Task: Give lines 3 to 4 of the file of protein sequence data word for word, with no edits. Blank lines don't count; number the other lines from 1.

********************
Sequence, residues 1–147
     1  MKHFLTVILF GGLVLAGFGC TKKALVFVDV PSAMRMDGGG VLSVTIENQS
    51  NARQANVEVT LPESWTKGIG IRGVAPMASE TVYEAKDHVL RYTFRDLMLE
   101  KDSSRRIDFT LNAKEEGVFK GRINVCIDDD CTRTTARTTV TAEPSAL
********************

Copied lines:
    51  NARQANVEVT LPESWTKGIG IRGVAPMASE TVYEAKDHVL RYTFRDLMLE
   101  KDSSRRIDFT LNAKEEGVFK GRINVCIDDD CTRTTARTTV TAEPSAL